Do we have the will to prevail in this pandemic?

By Dennis Archambault

We are emerging from what some have called the domestic equivalent of war: the war against an invisible enemy – a contagion, in which those with scientific knowledge become enemies of the people. The social and political divisions in the country have been vividly exposed throughout the crisis. We have muddled through this conflict and may not have won. The NYTimes recently offered a sobering assessment: “Widely circulating coronavirus variants and persistent hesitancy about vaccines will keep the goal out of reach. The virus is here to stay, but vaccinating the most vulnerable may be enough to restore normalcy.”

The mortality rate for Covid-19 has surpassed that of World War II. Kaiser New Service journalist Carrie Feibel analyzed the metaphorical similarities between war and the response to the pandemic: “…the language of warfare permeates so much of the national discourse about the pandemic. Nurses work on the ‘frontlines.’ Coronavirus is described as an invisible ‘enemy.’ The country is ‘battling’ the virus…

As a metaphor, ‘war’ becomes a call to action and a recognition of sacrifice. On Jan. 15, then-President-elect Joe Biden announced his vaccine distribution plan, declaring: ‘We’re in a war with this virus.’”

Many take offense with comparing the pandemic to war – a “good war” as World War II was known. That war and most wars last several years; the worst month of the pandemic in the United States may be ending after one year. “The parallel is quite dangerous because the virus is not an ideology, it’s not a war against the state,” says Martin Evans, a British historian. The virus may not be an ideology, but there certainly has been ideology in society’s response to the disease. In some respects, resistance to the public health measures needed to contain and ultimately eliminate this threat could be seen as a war against the state – just as those who resisted public health regulations saw them as limited personal freedom. Ultimately, the well-being of the state was – and is — at stake.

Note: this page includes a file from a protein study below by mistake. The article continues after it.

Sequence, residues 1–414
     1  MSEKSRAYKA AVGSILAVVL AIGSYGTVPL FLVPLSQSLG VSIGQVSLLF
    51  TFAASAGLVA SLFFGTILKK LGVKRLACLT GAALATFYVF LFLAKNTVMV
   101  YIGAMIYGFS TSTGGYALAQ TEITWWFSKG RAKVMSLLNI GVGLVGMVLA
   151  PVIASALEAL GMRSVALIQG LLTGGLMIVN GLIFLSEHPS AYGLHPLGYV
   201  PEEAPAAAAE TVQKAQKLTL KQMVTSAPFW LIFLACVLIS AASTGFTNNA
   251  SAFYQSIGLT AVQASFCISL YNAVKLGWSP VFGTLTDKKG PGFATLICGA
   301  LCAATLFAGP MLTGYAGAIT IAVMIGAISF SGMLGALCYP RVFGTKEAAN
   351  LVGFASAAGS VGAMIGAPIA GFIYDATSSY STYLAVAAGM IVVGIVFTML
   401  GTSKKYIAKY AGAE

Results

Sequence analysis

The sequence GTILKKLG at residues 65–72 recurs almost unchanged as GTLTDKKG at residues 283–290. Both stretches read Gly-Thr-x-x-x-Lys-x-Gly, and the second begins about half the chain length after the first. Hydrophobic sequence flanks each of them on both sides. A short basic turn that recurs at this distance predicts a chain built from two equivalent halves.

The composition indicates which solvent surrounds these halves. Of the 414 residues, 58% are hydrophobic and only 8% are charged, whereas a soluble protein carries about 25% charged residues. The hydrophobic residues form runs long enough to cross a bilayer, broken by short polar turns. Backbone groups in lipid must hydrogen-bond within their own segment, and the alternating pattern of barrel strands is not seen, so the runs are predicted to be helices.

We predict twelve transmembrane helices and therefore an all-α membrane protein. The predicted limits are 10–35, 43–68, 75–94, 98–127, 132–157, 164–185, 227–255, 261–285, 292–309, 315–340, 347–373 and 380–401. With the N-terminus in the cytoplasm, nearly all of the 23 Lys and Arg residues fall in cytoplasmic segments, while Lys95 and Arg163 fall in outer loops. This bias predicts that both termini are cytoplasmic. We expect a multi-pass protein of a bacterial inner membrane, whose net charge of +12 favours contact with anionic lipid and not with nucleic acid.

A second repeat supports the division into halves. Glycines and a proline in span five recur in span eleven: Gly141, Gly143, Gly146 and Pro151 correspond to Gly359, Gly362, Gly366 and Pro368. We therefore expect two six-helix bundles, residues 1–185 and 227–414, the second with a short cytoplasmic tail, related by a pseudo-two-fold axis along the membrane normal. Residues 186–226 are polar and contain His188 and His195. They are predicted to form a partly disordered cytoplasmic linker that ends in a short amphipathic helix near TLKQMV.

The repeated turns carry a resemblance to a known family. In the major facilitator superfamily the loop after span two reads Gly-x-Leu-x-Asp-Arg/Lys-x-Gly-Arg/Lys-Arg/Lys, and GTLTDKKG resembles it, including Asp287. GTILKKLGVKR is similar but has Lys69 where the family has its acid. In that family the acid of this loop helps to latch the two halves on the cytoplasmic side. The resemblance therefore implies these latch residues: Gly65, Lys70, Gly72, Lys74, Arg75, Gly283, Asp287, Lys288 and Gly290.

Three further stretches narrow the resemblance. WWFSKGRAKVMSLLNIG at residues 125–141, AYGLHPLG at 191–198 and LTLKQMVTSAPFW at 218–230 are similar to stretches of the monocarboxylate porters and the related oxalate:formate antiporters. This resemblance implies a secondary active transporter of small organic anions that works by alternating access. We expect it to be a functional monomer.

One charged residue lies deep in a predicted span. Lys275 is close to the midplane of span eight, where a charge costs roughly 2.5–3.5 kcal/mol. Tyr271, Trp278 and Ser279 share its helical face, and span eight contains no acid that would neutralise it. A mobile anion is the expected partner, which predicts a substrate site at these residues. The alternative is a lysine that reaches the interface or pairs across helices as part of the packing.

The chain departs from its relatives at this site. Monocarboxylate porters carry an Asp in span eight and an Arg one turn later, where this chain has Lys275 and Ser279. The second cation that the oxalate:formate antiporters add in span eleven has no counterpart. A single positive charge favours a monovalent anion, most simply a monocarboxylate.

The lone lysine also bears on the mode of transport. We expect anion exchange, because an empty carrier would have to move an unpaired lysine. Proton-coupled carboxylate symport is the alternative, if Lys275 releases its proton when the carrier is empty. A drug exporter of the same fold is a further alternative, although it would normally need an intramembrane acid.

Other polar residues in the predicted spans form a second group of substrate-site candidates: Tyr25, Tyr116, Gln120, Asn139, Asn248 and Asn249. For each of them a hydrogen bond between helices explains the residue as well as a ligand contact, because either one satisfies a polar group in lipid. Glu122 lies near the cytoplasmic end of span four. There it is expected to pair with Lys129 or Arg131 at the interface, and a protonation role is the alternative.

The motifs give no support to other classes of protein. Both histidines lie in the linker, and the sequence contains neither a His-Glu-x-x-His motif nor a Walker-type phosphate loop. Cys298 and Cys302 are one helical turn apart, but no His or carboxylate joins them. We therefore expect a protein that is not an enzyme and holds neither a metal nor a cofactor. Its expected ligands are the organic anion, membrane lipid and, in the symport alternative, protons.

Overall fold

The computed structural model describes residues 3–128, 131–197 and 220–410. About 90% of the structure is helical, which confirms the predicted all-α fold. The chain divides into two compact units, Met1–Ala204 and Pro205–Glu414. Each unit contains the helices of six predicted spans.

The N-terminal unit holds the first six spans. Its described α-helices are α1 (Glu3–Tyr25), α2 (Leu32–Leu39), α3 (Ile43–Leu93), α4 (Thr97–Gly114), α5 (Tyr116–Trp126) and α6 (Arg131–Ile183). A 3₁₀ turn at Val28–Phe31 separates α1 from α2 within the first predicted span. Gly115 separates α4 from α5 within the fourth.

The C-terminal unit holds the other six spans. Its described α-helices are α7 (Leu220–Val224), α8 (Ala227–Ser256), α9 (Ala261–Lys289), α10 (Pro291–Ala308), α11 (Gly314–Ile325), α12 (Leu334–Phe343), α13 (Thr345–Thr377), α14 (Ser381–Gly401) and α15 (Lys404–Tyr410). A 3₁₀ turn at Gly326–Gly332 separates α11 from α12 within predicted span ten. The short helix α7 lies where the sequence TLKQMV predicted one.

Perhaps it’s best if the metaphor is that of an “invasion,” or even an “alien attack.” Metaphors aside, the nation has been confronted with an enemy, and to quote the old American cartoon, Pogo, “The enemy is us.”

As Authority Health and other community health organizations work with cultural groups and neighborhoods to find people who need the coronavirus vaccine and can’t get it, as well as address vaccine hesitancy, there is an open question as to whether the nation will finally get beyond the politics of the pandemic and win the battle. Now as the nation pushes to return to normalcy – sometimes faster than public health experts would recommend – there needs to be a call to unity from disparate corners of American society that rises above partisan differences.

Last year at this time, we were in lockdown, uncertain about what the virus is or how to protect ourselves and our community. We needed personal protective equipment. We needed ventilators. Manufacturers assumed the mantel of “Arsenal of Health.” We hunkered down in the face of the enemy, supporting our neighbors and essential workers, even planted “victory gardens” as Americans did during World War II. But, sadly, we have been a nation divided by multiple stressors. Ironically, resistance to a unified front has been cloaked in patriotism and freedom. Even if the war analogy is inappropriate, no one can question the lack of unity in our response to the invisible enemy.

Dennis Archambault is vice president of Public Affairs for Authority Health.